Storm Event

Extreme water levels along the east coast

Severity ? 4

Source

The storm developed offshore of the east coast of the US on 23rd September 1969 and moved northeast towards the UK.  The storm approached the UK on 28th September and the central pressure deepened to around 970 mbar. The storm travelled north of Scotland, crossing Scandinavia on 29th September producing strong northerly winds in the North Sea. Meteorological observations showed gusts of 96 knots [50 m/s], 89 knots [46 m/s], and 88 knots [45 m/s] at Dounreay, Wick and Kirkwall, respectively (Eden, 2008).

The storm generated a skew surge of between 0.5 and 1.5 m at many sites on the east coast of the UK. Water levels exceeded the 1 in 5-year return level at 6 sites along the east coast. The highest return period water level was at Immingham and was 43 years. The next largest return period of 39 years was at Holyhead. The highest skew surge was at Lowestoft and was 1.4 m. At Immingham the skew surge was 1.16 m.

We are unaware of any sources describing the wave conditions during this event.

Pathway

Other than reports of the sea wall “swept away” at Whalsay, we are unaware of any further information regarding the flood pathways for this event.

Receptor and Consequence

The worst impacts during this event were experienced in several English east coast towns, from Hull to Great Yarmouth (Met Office, 1969; Hickey, 1997; Zong and Tooley, 2003). In Scotland, this event was associated with localised impacts, with reports focused on Whalsay where the sea wall was “swept away” and one residential property was “completely” destroyed (Hickey, 1997). According to Eden (2008), with a storm surge of between 2 and 2.5 m this was the worst flooding along the east coast since the 1953 disaster. The Times (1969) report the impacts of this event, describing that tides swept over river banks in Hull and inundated a large part of the city to a depth of 3 ft. [0.9 m]. Two of the main bridges over the river Hull were impassable, causing much disruption to traffic. Some non-residential properties were flooded to 2 ft, [0.6 m] and the old towns’ commercial area was cut off entirely. Two electricity transformers caught fire when flood water caused short circuits. The sea level at Hull was reportedly 4 ft. 2 in. [1.2 m] above the predicted 33 ft. 6 in. [10.2 m]. Damage to the value of thousands of pounds was incurred at a fruit market. At Grimsby’s Commercial and Royal docks the tide reached 31 ft. [9.5 m] – the highest since 1953.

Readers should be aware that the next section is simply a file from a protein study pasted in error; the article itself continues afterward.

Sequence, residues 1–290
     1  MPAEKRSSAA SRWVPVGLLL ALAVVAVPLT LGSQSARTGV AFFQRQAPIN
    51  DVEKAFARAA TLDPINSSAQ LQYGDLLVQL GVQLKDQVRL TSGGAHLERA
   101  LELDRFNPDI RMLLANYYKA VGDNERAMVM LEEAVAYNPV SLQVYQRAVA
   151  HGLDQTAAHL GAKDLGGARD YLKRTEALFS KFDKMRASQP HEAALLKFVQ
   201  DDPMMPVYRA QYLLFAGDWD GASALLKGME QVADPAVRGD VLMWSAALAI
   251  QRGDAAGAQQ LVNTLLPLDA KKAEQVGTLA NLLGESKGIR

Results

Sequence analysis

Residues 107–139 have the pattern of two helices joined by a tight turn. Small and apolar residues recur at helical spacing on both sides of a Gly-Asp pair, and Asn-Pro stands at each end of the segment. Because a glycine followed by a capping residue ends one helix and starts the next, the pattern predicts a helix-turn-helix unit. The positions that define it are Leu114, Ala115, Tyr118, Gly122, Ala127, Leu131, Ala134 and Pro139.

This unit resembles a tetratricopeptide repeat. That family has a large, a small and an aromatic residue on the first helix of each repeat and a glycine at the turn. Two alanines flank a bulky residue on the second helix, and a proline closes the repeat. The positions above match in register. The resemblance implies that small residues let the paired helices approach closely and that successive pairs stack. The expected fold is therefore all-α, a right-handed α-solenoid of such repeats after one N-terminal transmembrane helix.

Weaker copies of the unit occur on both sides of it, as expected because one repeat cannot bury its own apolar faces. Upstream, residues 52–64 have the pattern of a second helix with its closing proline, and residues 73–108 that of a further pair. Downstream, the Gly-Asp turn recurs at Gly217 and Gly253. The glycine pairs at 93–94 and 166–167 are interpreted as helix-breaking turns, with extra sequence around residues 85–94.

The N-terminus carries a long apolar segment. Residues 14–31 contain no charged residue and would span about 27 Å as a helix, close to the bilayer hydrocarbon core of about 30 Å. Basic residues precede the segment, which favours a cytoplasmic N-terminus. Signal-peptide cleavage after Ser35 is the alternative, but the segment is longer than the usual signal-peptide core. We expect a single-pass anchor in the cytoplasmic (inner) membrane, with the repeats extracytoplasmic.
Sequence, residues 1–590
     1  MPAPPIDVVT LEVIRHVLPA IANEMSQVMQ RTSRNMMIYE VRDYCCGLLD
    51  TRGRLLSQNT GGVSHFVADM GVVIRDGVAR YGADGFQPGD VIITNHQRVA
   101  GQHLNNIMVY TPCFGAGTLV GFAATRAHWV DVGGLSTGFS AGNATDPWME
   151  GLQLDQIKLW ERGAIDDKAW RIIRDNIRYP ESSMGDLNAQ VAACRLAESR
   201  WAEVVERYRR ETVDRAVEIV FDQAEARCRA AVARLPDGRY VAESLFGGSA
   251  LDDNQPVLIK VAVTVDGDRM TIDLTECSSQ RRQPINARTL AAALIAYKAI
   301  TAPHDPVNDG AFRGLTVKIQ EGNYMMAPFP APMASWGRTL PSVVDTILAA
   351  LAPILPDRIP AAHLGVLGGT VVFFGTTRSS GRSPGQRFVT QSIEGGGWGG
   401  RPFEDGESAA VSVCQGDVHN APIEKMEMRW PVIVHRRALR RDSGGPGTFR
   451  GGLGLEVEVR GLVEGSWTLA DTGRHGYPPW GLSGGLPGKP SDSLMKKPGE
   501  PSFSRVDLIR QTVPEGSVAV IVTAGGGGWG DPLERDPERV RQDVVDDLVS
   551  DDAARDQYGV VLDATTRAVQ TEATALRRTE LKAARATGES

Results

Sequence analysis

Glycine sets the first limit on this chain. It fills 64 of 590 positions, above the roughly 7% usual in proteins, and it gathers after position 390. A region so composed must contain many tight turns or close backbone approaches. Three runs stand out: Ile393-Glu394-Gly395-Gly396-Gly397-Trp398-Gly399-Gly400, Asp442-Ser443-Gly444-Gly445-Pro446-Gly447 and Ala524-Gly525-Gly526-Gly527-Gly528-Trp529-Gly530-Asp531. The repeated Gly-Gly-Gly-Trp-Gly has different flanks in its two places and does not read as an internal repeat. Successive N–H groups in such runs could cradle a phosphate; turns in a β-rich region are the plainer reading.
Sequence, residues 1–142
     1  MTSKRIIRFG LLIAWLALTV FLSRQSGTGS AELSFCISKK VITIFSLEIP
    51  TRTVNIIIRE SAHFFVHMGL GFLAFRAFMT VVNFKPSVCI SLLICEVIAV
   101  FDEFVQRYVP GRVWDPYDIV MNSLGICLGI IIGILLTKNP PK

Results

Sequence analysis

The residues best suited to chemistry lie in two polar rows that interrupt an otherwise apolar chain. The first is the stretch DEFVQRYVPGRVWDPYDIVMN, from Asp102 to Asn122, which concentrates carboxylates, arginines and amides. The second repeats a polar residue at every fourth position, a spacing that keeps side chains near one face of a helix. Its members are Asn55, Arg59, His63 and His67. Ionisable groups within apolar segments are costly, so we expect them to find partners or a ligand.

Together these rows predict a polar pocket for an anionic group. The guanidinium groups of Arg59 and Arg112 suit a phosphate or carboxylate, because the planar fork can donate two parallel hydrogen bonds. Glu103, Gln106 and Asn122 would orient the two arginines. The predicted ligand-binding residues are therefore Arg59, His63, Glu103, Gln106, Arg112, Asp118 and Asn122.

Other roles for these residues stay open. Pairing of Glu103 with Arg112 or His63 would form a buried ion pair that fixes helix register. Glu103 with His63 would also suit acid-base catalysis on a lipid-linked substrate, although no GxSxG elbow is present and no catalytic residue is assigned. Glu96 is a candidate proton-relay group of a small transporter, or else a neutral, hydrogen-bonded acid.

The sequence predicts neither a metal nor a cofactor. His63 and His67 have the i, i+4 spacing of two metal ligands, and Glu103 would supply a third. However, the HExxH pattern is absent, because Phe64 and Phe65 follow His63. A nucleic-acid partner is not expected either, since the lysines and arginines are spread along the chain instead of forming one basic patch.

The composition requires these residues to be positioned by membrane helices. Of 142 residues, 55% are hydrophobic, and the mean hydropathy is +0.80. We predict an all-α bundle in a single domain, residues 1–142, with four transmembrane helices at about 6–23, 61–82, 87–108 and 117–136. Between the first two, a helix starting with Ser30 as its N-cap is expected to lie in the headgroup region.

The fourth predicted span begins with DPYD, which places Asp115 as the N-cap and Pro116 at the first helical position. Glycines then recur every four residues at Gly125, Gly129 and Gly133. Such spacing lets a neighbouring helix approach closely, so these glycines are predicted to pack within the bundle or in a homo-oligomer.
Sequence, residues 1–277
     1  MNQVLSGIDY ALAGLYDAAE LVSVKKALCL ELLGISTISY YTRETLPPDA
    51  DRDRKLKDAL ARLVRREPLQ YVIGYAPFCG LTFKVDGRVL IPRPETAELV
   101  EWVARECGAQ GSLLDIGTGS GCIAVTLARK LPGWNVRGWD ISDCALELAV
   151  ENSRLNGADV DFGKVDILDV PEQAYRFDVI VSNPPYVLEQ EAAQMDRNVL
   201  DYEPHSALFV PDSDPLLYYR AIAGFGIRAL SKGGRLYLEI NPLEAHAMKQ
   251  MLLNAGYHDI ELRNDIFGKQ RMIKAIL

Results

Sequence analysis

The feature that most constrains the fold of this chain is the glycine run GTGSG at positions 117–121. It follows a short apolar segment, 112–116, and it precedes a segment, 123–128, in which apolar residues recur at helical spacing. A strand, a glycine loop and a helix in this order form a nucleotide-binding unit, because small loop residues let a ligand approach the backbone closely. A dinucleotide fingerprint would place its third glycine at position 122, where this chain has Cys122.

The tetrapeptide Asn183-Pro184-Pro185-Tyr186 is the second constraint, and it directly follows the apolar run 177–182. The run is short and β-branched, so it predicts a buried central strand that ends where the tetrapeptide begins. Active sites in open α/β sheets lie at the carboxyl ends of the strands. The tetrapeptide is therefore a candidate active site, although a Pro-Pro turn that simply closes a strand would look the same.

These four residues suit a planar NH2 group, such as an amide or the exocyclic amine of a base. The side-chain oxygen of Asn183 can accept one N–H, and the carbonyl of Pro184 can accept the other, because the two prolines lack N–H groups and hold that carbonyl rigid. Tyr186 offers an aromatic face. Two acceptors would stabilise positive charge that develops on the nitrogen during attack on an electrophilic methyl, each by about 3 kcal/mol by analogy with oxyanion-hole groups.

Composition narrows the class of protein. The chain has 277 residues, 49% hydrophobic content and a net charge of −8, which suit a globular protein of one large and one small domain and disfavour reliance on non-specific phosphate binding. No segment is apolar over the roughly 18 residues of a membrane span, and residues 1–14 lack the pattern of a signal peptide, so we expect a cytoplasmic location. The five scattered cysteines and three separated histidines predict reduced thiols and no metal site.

?

Affected Sites

Name Return Period ? Water Level ? Tide ? Skew Surge ? Date ?
IMMINGHAM 43 8.55 7.34 1.21 29th Sep 2069 07:00
LOWESTOFT 39 4.21 2.68 1.52 29th Sep 2069 10:00
NORTH SHIELDS 29 6.1 5.25 0.85 29th Sep 2069 05:00
ABERDEEN 10 5.09 4.45 0.64 29th Sep 2069 03:00
DOVER 8 7.68 6.85 0.82 29th Sep 2069 13:00
HARWICH 8 4.95 4.13 0.82 29th Sep 2069 14:00

References

  1. Eden, P., 2008. Great British Weather Disasters, London: Continuum UK.
  2. Met Office, 1969. Monthly Weather Report of the Meteorological Office. Monthly Weather Report, 86(9). Available at: http://www.metoffice.gov.uk/learning/library/archive-hidden-treasures/monthly-weather-report-1960s
  3. [ref title="Hickey (1997)"]Hickey, K.R., 1997. Documentary records of coastal storms in Scotland, 1500-1991 A.D. Coventry University. Available at: https://curve.coventry.ac.uk/open/items/aa6dfd04-d53f-4741-1bb7-bdf99fb153be/1/.
  4. Zong, Y. & Tooley, M.J., 2003. A Historical Record of Coastal Floods in Britain: Frequencies and Associated Storm Tracks. Natural Hazards, 29(1), pp.13–36. Available at: http://link.springer.com/article/10.1023/A%3A1022942801531 [Accessed March 5, 2015].
  5. Hickey, K.R., 1997. Documentary records of coastal storms in Scotland, 1500-1991 A.D. Coventry University. Available at: https://curve.coventry.ac.uk/open/items/aa6dfd04-d53f-4741-1bb7-bdf99fb153be/1/.
  6. Eden, P., 2008. Great British Weather Disasters, London: Continuum UK.
  7. The Times, 1969. Flood chaos in Hull as river swamps streets. Times Newspapers Limited.